Deconstructing Bridges and Forging New Highways with Dharma Art (Part II) by Tilly Campbell-Allen

 photo Shamanic cave art. From realneo.us_zpsc4hmteci.jpg
Shamanic cave art. From realneo.us

Whoever speaks in primordial images speaks with a thousand voices; he enthralls and overpowers, while at the same time he lifts the idea he is seeking to express out of the occasional and the transitory into the realm of the ever-enduring.” – C. G. Jung (Jung 1971, 47–48)

Ever since the era of Shamanic cave art, we have endeavored to capture and convey invisible information in a visible symbolic language that has been brewing since the dawn of creation.

As an artist, a painter, a “manipulator of symbols to achieve a change in consciousness” (as the writer Alan Moore puts it*), I write in order to understand the power of art, to understand how imagery heals and why it has been used as a tool for liberation and why it is significant to know why. And while it is true that the ultimate nature of reality does not require “thinking” to “know” it, in the same way that we do not need to think about how our bodies work to know that they do, the knowledge of the “how” adds to the profundity of appreciation as well as a clearer understanding of how to keep them healthy. And we are IN bodies. By apprehending their mechanics, we facilitate transcendental practices.

As Buddhists, we’ve been encouraged by the Buddha to embrace critical thinking, as well as by HH the Dalai Lama, himself an advocate of scientific curiosity. I am also influenced by my earliest Buddhist teacher, the highly respected Geshe Namgyal Wangchen, who lived with us in London during my childhood. He was an early proponent of the marriage of ancient Eastern wisdom teachings and today’s Western scientific practices, and of the ways in which we can integrate them, learning and evolving from both.

Over the last few years, research on the brain, consciousness, meditation, and creativity has been shared increasingly. Our awareness has deepened regarding the brain’s physiology, its improved connectivity after art production, and the de-stressing and pleasure hormones released whilst both looking upon and creating art, not to mention its role in healing emotions and importance in spiritual practice.  

Expounding upon my last article,** here is a quick recap of the biology of repetition in meditation.

 photo Structure of a typical myelin sheath. From medical-dictionary.thefreedictionary.com_zpszcdk5sgr.png
Structure of a typical myelin sheath. From medical-dictionary.thefreedictionary.com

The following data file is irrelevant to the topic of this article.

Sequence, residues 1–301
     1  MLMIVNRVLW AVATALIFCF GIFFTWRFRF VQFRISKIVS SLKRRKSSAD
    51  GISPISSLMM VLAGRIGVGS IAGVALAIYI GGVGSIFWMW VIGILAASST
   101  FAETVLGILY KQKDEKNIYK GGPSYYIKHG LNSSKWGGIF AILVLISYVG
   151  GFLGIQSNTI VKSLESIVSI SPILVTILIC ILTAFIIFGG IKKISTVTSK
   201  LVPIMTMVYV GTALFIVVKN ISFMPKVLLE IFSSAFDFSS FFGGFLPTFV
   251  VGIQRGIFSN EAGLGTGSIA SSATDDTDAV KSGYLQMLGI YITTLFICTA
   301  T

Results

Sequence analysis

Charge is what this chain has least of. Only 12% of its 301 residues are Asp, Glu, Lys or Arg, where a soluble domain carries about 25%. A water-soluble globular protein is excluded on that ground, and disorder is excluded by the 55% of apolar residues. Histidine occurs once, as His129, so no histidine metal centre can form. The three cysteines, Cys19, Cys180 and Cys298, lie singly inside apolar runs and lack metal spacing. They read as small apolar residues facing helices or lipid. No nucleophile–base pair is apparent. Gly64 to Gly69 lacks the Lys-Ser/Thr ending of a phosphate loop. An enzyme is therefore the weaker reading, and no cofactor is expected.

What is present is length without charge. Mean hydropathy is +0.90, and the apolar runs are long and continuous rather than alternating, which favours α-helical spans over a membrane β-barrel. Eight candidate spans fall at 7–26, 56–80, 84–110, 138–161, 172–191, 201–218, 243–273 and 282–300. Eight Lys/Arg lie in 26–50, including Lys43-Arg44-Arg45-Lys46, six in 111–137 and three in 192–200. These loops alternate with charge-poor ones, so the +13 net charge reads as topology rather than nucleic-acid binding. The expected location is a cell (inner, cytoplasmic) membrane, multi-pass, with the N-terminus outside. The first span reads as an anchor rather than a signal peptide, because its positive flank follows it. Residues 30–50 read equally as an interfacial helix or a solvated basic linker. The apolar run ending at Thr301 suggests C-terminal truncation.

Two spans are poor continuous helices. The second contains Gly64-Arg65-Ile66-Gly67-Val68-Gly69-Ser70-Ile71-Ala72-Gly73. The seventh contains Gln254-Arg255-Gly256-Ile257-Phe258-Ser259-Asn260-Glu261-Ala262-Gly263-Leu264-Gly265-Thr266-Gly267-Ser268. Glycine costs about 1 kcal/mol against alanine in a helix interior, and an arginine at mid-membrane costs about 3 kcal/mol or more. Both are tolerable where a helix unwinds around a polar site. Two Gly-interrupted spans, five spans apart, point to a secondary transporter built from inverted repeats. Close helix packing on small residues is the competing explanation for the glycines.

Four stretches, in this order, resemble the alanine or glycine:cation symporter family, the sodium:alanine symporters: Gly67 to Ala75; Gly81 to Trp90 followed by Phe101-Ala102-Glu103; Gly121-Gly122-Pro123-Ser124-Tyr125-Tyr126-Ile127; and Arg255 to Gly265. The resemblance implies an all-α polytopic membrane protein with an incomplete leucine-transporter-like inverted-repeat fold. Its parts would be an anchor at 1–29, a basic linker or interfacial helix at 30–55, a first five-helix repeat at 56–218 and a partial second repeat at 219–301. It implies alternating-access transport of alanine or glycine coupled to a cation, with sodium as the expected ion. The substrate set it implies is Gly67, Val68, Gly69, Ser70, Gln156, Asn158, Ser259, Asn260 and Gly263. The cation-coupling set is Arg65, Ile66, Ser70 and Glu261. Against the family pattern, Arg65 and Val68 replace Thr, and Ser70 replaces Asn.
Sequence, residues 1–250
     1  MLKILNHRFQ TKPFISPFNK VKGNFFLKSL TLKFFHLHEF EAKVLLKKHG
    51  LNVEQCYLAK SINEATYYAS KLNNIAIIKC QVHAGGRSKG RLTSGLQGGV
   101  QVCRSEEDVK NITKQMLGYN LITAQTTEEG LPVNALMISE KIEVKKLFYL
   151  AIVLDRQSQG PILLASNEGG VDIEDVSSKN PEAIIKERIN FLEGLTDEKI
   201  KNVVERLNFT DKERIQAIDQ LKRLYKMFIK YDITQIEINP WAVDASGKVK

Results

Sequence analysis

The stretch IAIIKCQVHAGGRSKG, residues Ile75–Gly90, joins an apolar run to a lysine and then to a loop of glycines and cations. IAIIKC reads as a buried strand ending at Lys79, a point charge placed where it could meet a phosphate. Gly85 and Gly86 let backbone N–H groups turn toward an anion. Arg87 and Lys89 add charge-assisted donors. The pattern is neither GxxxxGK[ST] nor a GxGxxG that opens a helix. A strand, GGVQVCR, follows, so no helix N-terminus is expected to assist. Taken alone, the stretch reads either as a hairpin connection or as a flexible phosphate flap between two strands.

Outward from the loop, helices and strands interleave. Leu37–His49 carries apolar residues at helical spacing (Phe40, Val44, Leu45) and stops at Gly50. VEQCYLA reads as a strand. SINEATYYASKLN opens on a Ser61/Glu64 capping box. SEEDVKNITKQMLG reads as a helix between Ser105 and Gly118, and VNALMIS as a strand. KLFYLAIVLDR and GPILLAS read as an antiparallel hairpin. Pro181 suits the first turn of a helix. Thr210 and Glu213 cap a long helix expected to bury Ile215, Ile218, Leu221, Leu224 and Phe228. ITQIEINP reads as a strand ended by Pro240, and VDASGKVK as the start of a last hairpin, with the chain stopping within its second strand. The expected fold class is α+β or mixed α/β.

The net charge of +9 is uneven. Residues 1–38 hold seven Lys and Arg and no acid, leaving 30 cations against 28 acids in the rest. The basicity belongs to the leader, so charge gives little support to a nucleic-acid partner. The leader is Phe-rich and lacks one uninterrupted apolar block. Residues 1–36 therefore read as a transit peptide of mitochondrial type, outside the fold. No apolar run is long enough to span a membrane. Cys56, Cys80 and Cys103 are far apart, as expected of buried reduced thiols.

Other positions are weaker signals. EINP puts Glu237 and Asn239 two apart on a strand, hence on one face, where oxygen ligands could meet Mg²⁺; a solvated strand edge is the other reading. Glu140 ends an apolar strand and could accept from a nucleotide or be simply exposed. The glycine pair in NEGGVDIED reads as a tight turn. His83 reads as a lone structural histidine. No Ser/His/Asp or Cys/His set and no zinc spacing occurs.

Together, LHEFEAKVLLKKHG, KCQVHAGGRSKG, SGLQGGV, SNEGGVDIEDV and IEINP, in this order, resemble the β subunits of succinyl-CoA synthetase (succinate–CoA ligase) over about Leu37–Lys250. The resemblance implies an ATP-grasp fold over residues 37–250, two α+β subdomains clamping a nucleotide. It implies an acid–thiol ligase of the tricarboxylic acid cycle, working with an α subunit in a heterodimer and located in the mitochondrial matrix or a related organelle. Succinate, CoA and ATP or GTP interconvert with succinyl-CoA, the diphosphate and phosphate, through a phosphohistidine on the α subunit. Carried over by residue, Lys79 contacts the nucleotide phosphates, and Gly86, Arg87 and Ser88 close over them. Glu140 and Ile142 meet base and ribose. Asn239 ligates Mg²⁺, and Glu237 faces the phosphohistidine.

With new information, the brain creates new connections, new bridges.*** Author Malcolm Gladwell popularized the idea that 10,000 hours of practice makes anyone an expert, meaning that the more practice one does, the more proficient one becomes. This is because myelin wraps its protective fatty sheath-self around the axon (the “bridge”), incrementally speeding the transmission of information in the brain, which in turn transforms something practiced into an action that appears effortless. Repetition morphs the brain matter to create something that becomes subconsciously “instinctive.” And as the brain itself doesn’t know the difference between a physical action and a mental one, imagining is just as real to the brain as our bodies experiencing something because our internal perception is the only reality our brain knows. Our experienced world is purely neurological perception and projection.

“What you think, you become. . . . What you imagine, you create.” (The Buddha)

Repetition, willing or unwilling, imagined or otherwise, hardwires itself into the brain, particularly when combined with an emotional state. This can be argued as the reasoning behind our negative patterns, our neurological kleshas (negative emotional reactions; see Part 1), but also as the biological reasoning why “faking it until you make it” works, even when practiced purely in our minds. This surely is partly why invoking a deity through meditation by using imagery (both physical and mental) works to facilitate a change in neural structure. We are imprinting an image on our gray matter—an ideal psychological attribute that we wish to attain—and with repetitive practice, we will “become” this.

Art is fundamentally significant in acting as a road map for the individual.

 photo Sherab Chamma. By Ti Campbell-Allen_zpsmjjgxwji.jpg
Sherab Chamma. By Tilly Campbell-Allen.